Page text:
Yeah, right - what the world needs are more of those down-to-earth individuals who keep any original and novel thinking in deep contempt. All those airplanes, submarines, computing machines, roboters, flights to the moon, speaking through the aether to individuals on the other continent - what a whimsical stuff! "Seasteading? Please."

  13. You seem to be claiming that the idea that "government is the problem" has been the paramount conservative tenet over the past decades. (Correct me if I'm wrong.)

    When you propose a theory like that (again, if it's not what you're proposing disregard everything I write here), I think it may help to back it up with factual evidence.

    Could you help me understand how the idea that "government is the problem" has actually manifested itself in the total level of US government spending in any conservative administration (or budget) over the trend of the past 100 years?

  14. @John Huss:

    That "fantasy world" also includes Facebook, Paypal, Booktrack, Slide, LinkedIn, Yelp, and many other successful online platform that have already proven how entrepreneurship and free markets improve people's lives without the user or threat of initiation of force against anyone.

    Seeing you attempt to lecture someone like Thiel in one lazy ass blog comment, and ridicule one of his many projects prematurely without any actual facts or arguments against it, it's pretty darn embarrassing to be frank ...

  15. The great stagnation is all about energy. Thiel's line about how we expected interstellar jet-pack travel and we got 140 characters instead (or something to that effect) hints at the problem, but Thiel himself seems, as John Huss says, weirdly clueless about a lot of things--and that includes the possibility that the great slowdown in technological progress is related to the great slowdown in the increase of exploitable energy. The most impressive technological progress over the past few hundred years had to do with learning how to exploit fossil fuels. Sometime in the mid to late 20th century, this exploitation started to slow down a lot. The gains since then have been cool (microprocessors, etc.), but not nearly as cool, to my mind, as the changes that had come before (rockets to the moon, electric lighting and refrigeration, the telephone, cars, etc.). We seem to be bumping up against physical limits of various kinds, and Thiel seems clueless.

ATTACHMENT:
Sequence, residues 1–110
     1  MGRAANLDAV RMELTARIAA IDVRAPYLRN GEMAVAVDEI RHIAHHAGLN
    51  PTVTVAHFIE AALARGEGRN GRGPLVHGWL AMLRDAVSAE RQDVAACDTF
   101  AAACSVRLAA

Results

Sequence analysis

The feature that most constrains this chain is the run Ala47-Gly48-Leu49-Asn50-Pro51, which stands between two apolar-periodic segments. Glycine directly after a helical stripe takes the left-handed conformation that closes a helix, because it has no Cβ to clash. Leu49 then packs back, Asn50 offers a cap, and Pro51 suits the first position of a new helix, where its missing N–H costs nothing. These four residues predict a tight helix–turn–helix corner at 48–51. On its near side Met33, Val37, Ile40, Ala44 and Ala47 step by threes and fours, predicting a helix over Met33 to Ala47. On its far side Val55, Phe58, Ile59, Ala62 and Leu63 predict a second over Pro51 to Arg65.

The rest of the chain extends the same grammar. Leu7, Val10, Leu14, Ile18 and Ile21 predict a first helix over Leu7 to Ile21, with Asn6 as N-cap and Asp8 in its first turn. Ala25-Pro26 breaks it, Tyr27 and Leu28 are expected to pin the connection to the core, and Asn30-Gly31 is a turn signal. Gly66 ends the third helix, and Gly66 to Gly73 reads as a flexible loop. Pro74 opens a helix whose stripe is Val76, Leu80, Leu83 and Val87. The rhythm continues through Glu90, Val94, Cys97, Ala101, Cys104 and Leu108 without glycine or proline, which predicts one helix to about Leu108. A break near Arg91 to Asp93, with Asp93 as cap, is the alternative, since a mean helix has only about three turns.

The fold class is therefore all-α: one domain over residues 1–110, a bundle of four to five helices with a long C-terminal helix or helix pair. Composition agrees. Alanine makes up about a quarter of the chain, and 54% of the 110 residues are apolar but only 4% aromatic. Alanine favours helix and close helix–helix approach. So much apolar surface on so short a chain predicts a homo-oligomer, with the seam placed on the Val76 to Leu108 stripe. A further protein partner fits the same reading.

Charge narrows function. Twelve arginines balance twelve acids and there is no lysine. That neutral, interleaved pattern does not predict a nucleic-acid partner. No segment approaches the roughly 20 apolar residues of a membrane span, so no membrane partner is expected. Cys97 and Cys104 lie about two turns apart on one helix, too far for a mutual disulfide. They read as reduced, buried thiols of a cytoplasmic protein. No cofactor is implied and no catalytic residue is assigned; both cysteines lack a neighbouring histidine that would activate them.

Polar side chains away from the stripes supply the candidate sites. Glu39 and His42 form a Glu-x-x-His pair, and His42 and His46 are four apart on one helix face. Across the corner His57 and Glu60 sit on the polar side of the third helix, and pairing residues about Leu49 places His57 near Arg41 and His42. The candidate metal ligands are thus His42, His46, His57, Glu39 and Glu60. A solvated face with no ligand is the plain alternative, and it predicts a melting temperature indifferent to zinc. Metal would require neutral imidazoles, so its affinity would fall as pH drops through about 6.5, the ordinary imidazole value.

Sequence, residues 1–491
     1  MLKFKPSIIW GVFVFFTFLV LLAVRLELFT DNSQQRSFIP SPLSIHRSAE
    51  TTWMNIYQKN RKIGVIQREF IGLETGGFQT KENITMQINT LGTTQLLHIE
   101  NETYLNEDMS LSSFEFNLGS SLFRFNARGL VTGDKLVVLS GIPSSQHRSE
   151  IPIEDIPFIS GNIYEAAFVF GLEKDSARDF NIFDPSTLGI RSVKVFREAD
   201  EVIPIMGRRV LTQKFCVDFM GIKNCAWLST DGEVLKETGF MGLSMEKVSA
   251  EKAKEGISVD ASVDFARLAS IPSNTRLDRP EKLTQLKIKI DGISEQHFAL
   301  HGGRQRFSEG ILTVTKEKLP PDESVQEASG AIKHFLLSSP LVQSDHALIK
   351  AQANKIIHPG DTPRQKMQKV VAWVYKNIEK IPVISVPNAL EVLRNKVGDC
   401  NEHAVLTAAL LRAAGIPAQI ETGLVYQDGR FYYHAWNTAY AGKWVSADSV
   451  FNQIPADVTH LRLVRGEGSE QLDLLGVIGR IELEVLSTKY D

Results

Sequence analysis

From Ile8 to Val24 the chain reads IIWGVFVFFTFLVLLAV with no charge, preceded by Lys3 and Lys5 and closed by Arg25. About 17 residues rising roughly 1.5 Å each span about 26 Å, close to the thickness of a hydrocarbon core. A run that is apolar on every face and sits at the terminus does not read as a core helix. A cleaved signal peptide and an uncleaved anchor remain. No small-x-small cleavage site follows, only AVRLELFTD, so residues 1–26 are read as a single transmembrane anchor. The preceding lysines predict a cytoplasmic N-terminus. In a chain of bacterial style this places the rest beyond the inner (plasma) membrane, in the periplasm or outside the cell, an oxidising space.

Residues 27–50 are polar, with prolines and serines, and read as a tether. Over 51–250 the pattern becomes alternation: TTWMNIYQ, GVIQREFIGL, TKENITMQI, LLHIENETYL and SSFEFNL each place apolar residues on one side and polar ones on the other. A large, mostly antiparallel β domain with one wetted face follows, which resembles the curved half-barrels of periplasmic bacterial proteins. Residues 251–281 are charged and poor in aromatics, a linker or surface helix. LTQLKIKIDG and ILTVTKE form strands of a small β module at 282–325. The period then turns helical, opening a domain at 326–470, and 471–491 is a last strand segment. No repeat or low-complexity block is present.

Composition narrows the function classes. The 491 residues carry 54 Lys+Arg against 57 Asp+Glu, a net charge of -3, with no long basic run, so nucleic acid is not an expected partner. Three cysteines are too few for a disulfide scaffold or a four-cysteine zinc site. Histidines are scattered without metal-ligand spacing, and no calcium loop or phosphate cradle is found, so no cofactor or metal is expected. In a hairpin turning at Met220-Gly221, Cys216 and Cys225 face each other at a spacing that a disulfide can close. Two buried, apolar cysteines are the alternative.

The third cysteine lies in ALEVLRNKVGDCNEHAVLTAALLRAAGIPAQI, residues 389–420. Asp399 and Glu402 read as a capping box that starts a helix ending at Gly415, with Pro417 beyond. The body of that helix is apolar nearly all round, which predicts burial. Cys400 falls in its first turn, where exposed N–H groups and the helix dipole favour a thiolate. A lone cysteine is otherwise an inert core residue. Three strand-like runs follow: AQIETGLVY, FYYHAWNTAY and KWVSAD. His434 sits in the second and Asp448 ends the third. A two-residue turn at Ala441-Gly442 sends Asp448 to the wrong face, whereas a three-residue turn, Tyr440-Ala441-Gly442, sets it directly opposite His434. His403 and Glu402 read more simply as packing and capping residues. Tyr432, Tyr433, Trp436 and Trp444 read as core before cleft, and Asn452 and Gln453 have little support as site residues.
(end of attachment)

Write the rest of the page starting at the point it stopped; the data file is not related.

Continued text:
16. OK, my previous comment was a little off. I went and read Thiel's article in the National Review, and he does mention energy--only to drop it. What does he think the explanation is, if not limits to easily exploitable energy? I still think he's a clueless bozo...

  17. Actually the whole reason the Coffee Party failed is that it didn't have a consistent platform. On the one hand it tried to present itself as "bi-partisan" but on the other hand it only attracted liberal followers and it unreservedly attached itself to liberal viewpoints on contested issues. In the end it was really just a half-hearted "me too" movement that neither moderates or liberals were able to identify with.